Helping each other to avoid and recover from disaster

Psychology professor publishes model about risk management, cooperation in small scale societies


May 27, 2021

What can we learn from developing societies around the world about mitigating risk and sharing resources during a disaster?

When disasters happen, we often have to rely on others to help us get through. In our modern world, many of us rely on commercial insurance that we buy through the market to manage our risk. But managing risk is an ancient human practice — one that has roots going far back in our evolutionary history. We can catch a glimpse of these fundamentally human risk management strategies by looking at small-scale societies around the world.  people of the Maasai tribe smiling and dressing for a celebration Members of the Maasai tribes in Africa prepare for a celebration. Photo by Bradford Zak, licensed by Unsplash Download Full Image

In a recent paper published by Associate Professor Athena Aktipis and Professor Lee Cronk from Rutgers in Nature Human Behavior, they explain how small-scale societies around the world pool risk, and they describe the seven principles that characterize successful risk pooling systems. In their new paper, “Design principles for risk-pooling systems,” Aktipis and Cronk show how these principles make it possible for people to help one another in times of disaster outside of commercial insurance or expectations that one will be paid back for help given.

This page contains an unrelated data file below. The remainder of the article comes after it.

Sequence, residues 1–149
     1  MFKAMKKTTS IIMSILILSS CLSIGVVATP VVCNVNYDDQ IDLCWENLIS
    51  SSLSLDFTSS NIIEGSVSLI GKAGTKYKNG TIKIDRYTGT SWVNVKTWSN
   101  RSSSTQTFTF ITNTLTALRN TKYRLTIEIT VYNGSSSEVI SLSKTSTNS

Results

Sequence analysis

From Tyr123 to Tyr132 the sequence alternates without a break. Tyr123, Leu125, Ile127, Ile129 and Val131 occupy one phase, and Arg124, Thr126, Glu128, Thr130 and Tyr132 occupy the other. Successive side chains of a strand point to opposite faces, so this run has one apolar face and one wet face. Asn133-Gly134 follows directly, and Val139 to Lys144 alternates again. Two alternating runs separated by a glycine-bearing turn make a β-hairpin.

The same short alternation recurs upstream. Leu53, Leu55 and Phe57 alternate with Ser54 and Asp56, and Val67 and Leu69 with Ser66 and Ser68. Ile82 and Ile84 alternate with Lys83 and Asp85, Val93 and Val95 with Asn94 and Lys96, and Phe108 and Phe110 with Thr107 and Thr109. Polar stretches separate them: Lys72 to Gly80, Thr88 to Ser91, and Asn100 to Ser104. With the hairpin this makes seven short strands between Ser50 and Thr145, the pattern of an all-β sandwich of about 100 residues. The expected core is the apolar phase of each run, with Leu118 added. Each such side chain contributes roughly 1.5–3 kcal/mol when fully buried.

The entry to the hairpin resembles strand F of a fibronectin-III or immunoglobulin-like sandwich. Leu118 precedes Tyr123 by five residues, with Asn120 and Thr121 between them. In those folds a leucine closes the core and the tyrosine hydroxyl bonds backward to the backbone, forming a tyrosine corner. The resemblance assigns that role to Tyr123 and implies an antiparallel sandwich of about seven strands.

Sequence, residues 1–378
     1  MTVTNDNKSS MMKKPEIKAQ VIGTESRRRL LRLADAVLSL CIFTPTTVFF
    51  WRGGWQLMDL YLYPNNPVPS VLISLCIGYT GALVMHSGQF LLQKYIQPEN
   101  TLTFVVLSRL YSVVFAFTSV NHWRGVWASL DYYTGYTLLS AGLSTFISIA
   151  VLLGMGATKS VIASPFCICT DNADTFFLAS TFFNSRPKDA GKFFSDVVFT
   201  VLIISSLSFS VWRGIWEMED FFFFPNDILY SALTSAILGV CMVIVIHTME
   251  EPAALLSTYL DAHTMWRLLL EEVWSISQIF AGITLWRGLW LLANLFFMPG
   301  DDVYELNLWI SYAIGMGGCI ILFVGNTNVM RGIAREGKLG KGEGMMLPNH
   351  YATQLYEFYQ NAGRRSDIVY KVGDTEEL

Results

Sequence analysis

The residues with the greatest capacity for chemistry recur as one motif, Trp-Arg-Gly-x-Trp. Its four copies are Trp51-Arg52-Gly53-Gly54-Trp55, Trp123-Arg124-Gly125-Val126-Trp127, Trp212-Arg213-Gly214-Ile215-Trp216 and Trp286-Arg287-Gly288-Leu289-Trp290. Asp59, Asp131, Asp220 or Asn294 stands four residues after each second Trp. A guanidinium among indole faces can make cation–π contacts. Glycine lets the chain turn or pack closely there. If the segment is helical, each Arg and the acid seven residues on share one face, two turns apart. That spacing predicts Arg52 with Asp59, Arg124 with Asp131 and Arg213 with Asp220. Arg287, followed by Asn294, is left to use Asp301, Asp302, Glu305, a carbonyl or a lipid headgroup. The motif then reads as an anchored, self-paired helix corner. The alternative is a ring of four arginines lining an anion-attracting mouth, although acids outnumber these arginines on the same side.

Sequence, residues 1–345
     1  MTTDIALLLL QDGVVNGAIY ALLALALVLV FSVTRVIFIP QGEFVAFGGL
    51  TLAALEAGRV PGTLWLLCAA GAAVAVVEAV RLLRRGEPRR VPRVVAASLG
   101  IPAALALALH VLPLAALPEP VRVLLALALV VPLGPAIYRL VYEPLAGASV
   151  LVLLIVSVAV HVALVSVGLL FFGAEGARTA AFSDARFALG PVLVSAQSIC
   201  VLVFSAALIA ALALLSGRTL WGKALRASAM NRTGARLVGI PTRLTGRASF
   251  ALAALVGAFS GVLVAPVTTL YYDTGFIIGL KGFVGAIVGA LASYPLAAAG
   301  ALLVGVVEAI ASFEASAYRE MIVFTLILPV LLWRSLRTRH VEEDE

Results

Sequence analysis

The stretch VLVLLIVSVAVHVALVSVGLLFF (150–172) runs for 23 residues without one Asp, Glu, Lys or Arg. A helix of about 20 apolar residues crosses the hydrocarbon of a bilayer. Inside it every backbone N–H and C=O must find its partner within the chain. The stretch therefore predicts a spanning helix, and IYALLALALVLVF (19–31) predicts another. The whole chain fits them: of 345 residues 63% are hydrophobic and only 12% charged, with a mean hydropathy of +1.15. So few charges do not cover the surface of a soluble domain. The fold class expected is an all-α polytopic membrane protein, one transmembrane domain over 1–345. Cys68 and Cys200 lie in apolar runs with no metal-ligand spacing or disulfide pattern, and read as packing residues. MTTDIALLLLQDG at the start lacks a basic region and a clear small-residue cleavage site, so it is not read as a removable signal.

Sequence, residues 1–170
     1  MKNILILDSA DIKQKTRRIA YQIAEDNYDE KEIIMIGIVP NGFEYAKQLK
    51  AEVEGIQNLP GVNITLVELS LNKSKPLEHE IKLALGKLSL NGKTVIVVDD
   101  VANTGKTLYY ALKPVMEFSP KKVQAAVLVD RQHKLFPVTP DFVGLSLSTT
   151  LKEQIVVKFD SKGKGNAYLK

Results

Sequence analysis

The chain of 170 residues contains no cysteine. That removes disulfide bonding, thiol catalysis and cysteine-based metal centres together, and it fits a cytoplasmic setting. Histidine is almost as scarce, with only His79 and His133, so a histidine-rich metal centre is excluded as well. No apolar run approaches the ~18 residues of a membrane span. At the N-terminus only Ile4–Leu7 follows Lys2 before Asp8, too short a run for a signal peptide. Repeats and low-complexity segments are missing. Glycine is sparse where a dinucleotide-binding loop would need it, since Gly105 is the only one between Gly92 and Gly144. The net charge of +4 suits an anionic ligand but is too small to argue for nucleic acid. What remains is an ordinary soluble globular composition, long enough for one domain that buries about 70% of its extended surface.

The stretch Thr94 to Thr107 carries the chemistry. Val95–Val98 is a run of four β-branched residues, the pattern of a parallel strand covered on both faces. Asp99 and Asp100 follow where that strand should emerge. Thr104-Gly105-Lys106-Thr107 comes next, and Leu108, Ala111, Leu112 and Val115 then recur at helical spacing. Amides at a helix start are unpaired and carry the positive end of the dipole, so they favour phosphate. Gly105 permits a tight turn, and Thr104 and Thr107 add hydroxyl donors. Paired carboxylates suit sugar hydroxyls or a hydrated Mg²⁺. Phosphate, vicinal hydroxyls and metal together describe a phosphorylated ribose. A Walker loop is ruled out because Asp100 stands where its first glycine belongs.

The authors were inspired by the Nobel Prize-winning research on resource pooling done by former ASU Research Professor Elinor Ostrom, who showed that in many societies around the world, people are able to avoid the tragedy of the commons when people follow eight design principles for how to collectively manage common-pool resources. The tragedy of the commons is a situation that when people have access to shared common resources, they tend to act selfishly and deplete those resources. In this paper, Aktipis and Cronk describe seven design principles that allow for greater resilience to disasters through helping others in times of need without requiring traditional “reciprocity” mechanisms. 

Risk management and resource pooling is a core component of commercial insurance and the current health care system employed around the world. Resource pooling is the act of a large group of people sharing resources like money for an eventual larger common goal or expense, similar to a monthly insurance premium or a homeowner’s association fee. Additionally, risk management, or the behaviors used to reduce risk, like wearing a seatbelt while driving, is part of any preparedness strategy such as the fight against COVID-19 and future pandemics.